"The principle of estimation of the contingent liability is not the
        normal rule. It would depend on the nature of the business, the nature
        of sales, the nature of the product manufactured and sold and the
        scientific method of accounting adopted by the assessee. It would also
        depend upon the historical trend and upon the number of articles
        produced."

ITA Nos. 898, 899, 900 & 901 of 2009 & 237 of 2015                  Page 14 of 17
21. Having examined the decisions that explain the legal position, the Court
proceeds to examine the facts on hand. The chart produced by the first
Assessee shows that for AY 2001-02 the total amount debited to the P&L
Account by way of provision for transit breakages was Rs.6,40,338 and the
actual breakages were Rs.2874. In effect, therefore, the provision was in
excess by Rs.6,37,464. However, the AO while disallowing the provision
added back the entire amount of Rs.6,40,338.


22. For the next four years i.e. AYs 2002-03 to 2005-06, the actual
breakages were less than the provision created. The AO allowed the
expenditure of the actual breakages as revenue expenditure and added back
the excess provision made since it was in the nature of a contingent liability.
In other words what was disallowed was the difference between the
provision created and reversed.


23. The Court is unable to discern any uniform scientific method followed
by the Appellant in making provision for the breakages. As noticed by the
ITAT in its order dated 16th March 2009, the explanation offered by the
Appellant was that on an ad hoc basis it fixed a rate per case of bottles. In
the case of Andhra Pradesh, the rate was Rs.10 per case, for Goa and
Karnataka it was Rs.15 per case. Also the breakages are known within a
period of 15 to 30 days after despatch of the goods. The Court also concurs
with the view of the ITAT that with the first Assessee having entered the
line of business only from AY 2001-02, it cannot be said to have gathered
sufficient experience to have reasonably estimated such breakages for the
AYs in question. In the circumstances, the 'liability' on that score could at
ITA Nos. 898, 899, 900 & 901 of 2009 & 237 of 2015                  Page 15 of 17
best be described as a 'contingent liability' as defined in AS-29.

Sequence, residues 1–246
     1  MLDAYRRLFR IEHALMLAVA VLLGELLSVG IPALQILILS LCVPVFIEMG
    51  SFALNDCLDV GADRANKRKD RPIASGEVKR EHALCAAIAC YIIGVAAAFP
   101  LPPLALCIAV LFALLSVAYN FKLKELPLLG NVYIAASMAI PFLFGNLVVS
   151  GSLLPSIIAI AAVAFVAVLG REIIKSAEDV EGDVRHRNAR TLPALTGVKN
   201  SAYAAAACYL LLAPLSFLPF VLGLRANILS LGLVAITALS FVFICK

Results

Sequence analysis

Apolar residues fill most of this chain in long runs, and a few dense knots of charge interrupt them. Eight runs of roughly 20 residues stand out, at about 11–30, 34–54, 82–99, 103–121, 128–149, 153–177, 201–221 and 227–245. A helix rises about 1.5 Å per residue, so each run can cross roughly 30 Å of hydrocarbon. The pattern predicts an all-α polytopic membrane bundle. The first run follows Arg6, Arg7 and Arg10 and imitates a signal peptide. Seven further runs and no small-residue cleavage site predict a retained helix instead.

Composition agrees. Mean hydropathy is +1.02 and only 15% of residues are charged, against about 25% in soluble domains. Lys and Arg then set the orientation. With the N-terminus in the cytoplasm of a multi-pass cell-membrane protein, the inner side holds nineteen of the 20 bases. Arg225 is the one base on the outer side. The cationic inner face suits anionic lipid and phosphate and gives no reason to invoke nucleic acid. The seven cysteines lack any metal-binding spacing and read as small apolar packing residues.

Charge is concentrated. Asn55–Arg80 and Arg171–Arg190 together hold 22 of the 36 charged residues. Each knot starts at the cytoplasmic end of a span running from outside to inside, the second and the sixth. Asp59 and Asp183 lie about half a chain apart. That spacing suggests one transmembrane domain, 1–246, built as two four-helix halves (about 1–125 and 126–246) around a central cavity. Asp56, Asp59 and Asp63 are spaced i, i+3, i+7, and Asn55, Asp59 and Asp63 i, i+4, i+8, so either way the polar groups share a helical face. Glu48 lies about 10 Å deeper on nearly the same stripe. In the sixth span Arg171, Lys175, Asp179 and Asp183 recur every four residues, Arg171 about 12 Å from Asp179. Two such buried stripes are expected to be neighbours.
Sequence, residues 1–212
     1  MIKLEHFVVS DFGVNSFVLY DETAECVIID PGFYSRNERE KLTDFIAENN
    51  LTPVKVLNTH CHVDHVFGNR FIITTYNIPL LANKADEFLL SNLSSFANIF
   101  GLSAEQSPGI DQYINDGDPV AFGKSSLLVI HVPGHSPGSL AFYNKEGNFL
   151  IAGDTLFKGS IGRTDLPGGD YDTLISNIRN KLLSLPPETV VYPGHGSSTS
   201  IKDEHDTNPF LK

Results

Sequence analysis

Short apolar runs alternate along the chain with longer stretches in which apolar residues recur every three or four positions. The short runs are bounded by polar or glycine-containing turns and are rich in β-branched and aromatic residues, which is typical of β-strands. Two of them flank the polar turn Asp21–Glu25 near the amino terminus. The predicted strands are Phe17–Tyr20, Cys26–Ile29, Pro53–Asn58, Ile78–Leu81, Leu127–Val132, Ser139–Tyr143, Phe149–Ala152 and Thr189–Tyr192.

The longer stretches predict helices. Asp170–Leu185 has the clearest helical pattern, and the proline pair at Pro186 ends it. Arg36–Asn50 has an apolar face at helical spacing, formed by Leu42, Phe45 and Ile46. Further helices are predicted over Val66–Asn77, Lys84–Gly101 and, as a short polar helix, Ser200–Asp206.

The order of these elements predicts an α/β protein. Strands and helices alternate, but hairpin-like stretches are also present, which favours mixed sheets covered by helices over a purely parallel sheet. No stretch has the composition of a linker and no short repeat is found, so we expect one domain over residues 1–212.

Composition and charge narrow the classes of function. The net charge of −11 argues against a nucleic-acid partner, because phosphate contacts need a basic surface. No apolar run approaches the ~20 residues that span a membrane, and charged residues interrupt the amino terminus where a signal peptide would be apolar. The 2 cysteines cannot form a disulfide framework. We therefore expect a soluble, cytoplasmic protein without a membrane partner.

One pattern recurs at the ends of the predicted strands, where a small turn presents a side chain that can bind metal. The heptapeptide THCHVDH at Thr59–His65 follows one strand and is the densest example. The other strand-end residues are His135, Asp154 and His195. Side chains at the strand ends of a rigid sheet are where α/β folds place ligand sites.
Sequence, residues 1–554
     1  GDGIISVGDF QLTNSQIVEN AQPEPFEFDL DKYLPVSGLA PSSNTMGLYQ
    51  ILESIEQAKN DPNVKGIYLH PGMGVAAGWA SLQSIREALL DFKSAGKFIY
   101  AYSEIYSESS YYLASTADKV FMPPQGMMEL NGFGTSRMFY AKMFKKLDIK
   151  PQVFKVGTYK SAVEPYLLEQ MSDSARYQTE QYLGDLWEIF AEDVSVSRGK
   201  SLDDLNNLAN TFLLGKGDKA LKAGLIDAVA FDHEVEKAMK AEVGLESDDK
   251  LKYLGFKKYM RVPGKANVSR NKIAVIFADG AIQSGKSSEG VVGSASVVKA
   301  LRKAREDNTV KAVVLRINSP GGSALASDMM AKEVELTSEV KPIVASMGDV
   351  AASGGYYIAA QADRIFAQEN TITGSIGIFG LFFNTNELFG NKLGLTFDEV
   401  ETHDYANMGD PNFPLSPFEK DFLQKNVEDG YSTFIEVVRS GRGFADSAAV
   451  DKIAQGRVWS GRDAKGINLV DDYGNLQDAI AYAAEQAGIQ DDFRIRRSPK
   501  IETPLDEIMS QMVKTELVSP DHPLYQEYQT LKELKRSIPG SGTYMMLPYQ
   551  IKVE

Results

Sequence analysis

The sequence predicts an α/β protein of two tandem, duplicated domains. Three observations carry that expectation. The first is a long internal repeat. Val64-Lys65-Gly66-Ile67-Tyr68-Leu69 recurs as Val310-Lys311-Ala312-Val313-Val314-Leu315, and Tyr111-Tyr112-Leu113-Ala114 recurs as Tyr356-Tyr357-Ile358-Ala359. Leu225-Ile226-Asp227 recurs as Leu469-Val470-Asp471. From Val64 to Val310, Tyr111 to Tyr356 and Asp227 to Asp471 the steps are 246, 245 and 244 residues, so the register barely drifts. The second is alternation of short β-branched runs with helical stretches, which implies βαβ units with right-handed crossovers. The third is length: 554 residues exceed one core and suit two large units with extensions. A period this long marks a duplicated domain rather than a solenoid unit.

24. Extensive reference has been made to AS-29 since one of the
submissions of the Assessees is that its failure to make a provision for transit
breakages would violate the applicable accounting standards. However, as
has been discussed hereinbefore, the AS is clear that "an enterprise should
not recognise a contingent liability". Therefore, a provision made by the
Assessees for transit breakages in future which cannot be reasonably
estimated would not adhere to the AS and the balance sheet so prepared
would not present a true and fair view of the state of its business affairs.


25. The question is not whether on account of the reversal of the provision
made by the Assessees on the first day of the following year, there would be
no loss as such to the Revenue. The question is whether making a provision
for transit breakages would be allowable as a business expenditure. In light
of the law explained in the above decisions, the Court is satisfied that the
view taken by the ITAT in the present case is not erroneous in law.


26. To summarise the legal position as far as the Assessees are concerned:


(a) There is no reasonable scientific method adopted by the Assessees to
estimate the transit breakages so as to justify creating of provision for such
breakages.


(b) The provision would, in the circumstances, be a provision for a
contingent liability and, therefore, in terms of the AS 29 ought not be
ITA Nos. 898, 899, 900 & 901 of 2009 & 237 of 2015                    Page 16 of 17
recognised.


(c)The actual transit breakages as and when they occur are allowable as
revenue expenditure in the accounting year in which such breakages occur.


27. Consequently, the question framed is answered in favour of the Revenue
and against the Assessees.


28. It is clarified that while giving an appeal effect to this order, the AO
shall allow the actual transit breakages for AY 2001-02 as revenue
expenditure consistent with the settled legal position. The Assessees would
also be permitted to get the benefit of the reversal of the provision for transit
breakages made in the AYs in question accordance with law.


29. The appeals are dismissed but in the circumstances with no order as to
costs.


                                                        S. MURALIDHAR, J



                                                         VIBHU BAKHRU, J
OCTOBER 06, 2015
dn




ITA Nos. 898, 899, 900 & 901 of 2009 & 237 of 2015                   Page 17 of 17